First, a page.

Fabrication of superhydrophobic polysulfide spheres

Some PSF sphere solids (0.5 g), which had been dried completely, were ground and put into 200 mL ethyl alcohol with vigorous magnetic stirring. After 30 min, the particles were dispersed in the solution. Moreover, the mixed solution also presented a dark green color, the same as the PSF sphere solids. 500 μL TTO were added into the system with a microsyringe and kept stirring for 24 h. After that, all the liquid was pumped out by suction filtration from the system. The remaining solids were washed with ethyl alcohol several times and redispersed into 20 mL ethyl alcohol in a small transparent bottle. The liquid also exhibited a dark green color after redispersion.

Fabrication of the superhydrophobic polysulfide sphere coating

The PSF superhydrophobic solution was stirred adequately in the bottle. After that, 2 mL of the as-prepared solution were dropped and spread out evenly onto cleaned glass substrates. After drying for 1 h at 60 °C, the ethanol had evaporated completely, and a light brown coating with superhydrophobicity was formed on the substrates. The thickness was determined by the quantity of the PSF spherical particle solution coated on the substrate.

Characterization

XPS was performed on an X-ray photoelectron spectrometer (Thermo Scientific ESCALAB 250 Xi). Measurements were made using the Al Kα line as the excitation source. Fourier transform infrared spectroscopy (FTIR) was performed using a Thermo Scientific Nicolet iS10. TG measurements were done with a NETZSCH STA 449 C using a dynamic heating rate of 10 °C min−1 in air. Diffuse reflectance UV/Vis spectra were obtained with a Hewlett Packard 8452A diode array spectrophotometer. Scanning electron microscopy (SEM) images were obtained using a JSM-5601LV scanning electron microscope operating at 5 keV. Samples were prepared for SEM by lightly dusting them onto adhesive carbon and affixing them to aluminum mounts. And the size distribution was measured using a Zetasizer Nano ZS. All samples were coated with 50 Å of platinum. Contact angles (CAs) were measured with a JC2000D1. Three-dimensional surface imaging of the paper was carried out by surface imaging system atomic force microscopy (AFM, CSPM 5500). Optical photographs were taken on an iPhone 7.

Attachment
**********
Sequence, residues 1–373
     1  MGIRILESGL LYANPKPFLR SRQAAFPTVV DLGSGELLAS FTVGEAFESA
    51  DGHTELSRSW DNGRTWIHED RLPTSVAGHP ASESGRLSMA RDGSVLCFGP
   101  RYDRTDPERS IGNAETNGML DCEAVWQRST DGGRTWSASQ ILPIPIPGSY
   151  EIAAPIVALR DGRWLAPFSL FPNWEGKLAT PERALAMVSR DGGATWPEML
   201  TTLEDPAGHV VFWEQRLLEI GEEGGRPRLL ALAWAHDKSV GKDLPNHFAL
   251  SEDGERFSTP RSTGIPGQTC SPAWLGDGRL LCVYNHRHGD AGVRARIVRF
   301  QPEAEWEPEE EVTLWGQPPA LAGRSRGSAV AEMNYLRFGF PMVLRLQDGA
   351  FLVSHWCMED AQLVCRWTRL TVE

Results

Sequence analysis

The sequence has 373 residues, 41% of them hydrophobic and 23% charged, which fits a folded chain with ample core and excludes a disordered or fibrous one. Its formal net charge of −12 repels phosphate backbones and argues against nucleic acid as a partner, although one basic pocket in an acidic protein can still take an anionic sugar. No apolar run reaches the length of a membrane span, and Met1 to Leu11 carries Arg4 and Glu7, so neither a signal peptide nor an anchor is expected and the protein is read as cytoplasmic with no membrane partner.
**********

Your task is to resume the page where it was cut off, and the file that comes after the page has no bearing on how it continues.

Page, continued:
Results and discussion

Polysulfide microspheres

There are many studies that have reported the theory of structural colours, and they have been reviewed by our previous studies.15,16 Light with a specific wavelength can be captured and located in the structure of the photonic band-gap in a photonic crystal material, and other wavelength lights will be reflected. Hence, the material can exhibit various structural colours such as metal colours, iridescence and other single colours. The wavelength of reflected light on the surface can be quantitatively calculated by Bragg's law and Snell's law (eqn (1)):52
 
image file: c8na00011e-t1.tif(1)
where λ is the position of the PBG, n is the refractive index of the material, and nPSF = 1.65. θ is the included angle between the incident light and the surface, m is the diffraction series, “dhkl” is the spacing of diffraction layers for the FCC packing structure shown in the material which can be calculated using eqn (2):
 
image file: c8na00011e-t2.tif(2)
where D is the space between adjacent pore layers and can also be seen as the diameter of the particle and h, k, and l are parameters which accord with the Miller indices of a given diffraction plane.